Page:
Many African artists travel overseas to places such as the United States and Europe to expand their careers and, sometimes, to live a better life. Some artists return back to their home countries to with new ideals and a new outlook on other cultures to implement into their own music. Liberian rap artist Christoph the Change uses both West African slang and African American Vernacular English in his 2016 song “Gbanna Man”.
The name of the song itself uses West African slang and is repeated through out the song. The term, Gbanna, is a West African term that simply means marijuana. In West Africa, marijuana is considered taboo by many and others believe the use of it is a western culture thing that African youth is trying to copy. Gbanna is used as a decoy for the actual term.
Christoph uses African American slang in his song alongside the West African slang. In the song, he says:
I ain’t no player baby/
I’m a cool guy/
Chillin’ in the crib/
Me and all my men/
In another verse, he says:
You know I gotta spit it raw/
She say that I should hit it raw/
The use of “ain’t”, “spit”, and “chillin'” are common phrases in African American slang. It can be assumed that Christoph has awareness of western slang and its appropriate usage. In my opinion, the use of both African American Vernacular English and West African slang in “Gbanna Man” emphasizes the taboo of marijuana in West Africa, and how it’s labeled as a part of western culture.
Overall, the song was executed perfectly. I definitely enjoyed the song, and I look forward to hearing more of Christoph the Change’s music.
UK-based rapper, Little Simz, chronicles the struggles both herself and her community face in the video for her 2015 single, “Gratitude.”
Little Simz, originally from Nigeria, connects with her African heritage throughout the video. She utilizes clips of student protests that took place in Cape Town in 2015 to further emphasize the abstract idea of struggle. In one of the clips, a protester is saying that “education is not a privilege, it is a right.” In 2015, students at South African universities protested against the increase in tuition fees and demanded that they be cut by at least 11%. In “Gratitude”, Little Simz says:
“Put my feet in the studio and call it my home
While others have got no way out/”
Continue reading “Little Simz Reflects On Her Struggles in “Gratitude” Visual”
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Liberian hip-hop artist Pochano discusses the aftermath of Liberia through his 2012 song, “Product of a Failed State”. In his visual for the song, he incorporates clips from both the past and present of Liberia, including footage from the civil war. The footage of Pochano rapping is shot in a run down hotel called “Hotel Africa”, and in the notorious neighborhood of West Point.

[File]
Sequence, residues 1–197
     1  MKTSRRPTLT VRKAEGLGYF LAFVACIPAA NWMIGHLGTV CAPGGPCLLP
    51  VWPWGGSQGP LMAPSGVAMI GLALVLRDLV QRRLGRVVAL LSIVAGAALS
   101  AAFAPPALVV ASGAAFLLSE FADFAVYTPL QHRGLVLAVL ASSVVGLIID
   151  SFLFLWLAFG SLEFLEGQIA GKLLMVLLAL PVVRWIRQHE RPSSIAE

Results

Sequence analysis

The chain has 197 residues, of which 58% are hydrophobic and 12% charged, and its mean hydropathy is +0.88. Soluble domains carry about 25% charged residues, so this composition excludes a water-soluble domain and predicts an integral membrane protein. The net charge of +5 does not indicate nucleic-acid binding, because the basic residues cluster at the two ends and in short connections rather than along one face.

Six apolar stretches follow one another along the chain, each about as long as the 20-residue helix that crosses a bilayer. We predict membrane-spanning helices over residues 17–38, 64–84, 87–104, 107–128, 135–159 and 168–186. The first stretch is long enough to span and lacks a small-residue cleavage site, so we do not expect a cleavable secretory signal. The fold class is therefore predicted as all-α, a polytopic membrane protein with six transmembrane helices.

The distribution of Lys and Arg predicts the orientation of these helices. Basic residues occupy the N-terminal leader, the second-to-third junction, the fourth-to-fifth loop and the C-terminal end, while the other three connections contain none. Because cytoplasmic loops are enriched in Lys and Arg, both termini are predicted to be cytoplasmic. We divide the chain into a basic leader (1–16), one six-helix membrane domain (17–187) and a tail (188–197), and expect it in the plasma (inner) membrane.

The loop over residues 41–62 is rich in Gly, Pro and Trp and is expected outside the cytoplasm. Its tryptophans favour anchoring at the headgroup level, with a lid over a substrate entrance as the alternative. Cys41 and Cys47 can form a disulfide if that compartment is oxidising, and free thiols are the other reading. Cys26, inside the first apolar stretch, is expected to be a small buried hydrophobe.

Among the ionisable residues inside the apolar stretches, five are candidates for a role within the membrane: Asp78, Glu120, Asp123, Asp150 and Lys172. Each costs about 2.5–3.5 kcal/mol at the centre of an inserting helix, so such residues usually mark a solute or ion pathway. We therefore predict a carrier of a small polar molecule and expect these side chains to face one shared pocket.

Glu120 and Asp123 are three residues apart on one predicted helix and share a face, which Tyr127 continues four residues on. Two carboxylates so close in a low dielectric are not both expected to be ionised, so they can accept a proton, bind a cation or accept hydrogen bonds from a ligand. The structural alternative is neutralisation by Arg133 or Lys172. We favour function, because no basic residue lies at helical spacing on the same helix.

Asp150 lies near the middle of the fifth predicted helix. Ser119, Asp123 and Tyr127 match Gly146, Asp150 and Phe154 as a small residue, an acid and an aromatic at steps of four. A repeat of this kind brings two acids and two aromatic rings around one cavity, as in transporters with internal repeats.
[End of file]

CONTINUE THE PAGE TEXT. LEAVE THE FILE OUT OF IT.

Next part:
The overall message of the song is to place blame on the government for the conditions many in the country are forced to live in. In the song, Pochano says:
I’m a product of a failed state/
Yup, I carry the weight of the mistakes made by ex-slaves and the forefathers/
To emphasize the idea that the lives that Liberians are living is the result of a failed state, the visual has different people–ranging from adults to children–reciting the line, “I’m a product of a failed state”. These expressions reveal how much trauma and despair is left for adults and children to bare after the civil war destroyed their country.
What intrigued me most about this song and video is that it was more than just a song. The visual is a product of a documentary that was in the works at the time called called The Product of a Failed State-Liberia. This documentary is about a generation of young entrepreneurs in post-war Liberia. It also takes a glimpse at the recovery process after the war. Pochano’s “Product of a Failed State” takes on the role of activism by holding the government accountable for the way his people live. By using his influence, he promotes a platform for reform in his respective country through powerful visuals. I commend him for the video, and I definitely will be looking into more of his work.
Below is the video to Pochano’s “Product of a Failed State”:
In the era of “mumble rap”, as society has named it, there is a select few rappers who intend to keep the raw culture of lyricism in hip-hop alive. Continue reading “Kpanto Preserves Rap’s Raw Existence in Single “Real Rapper Come Last””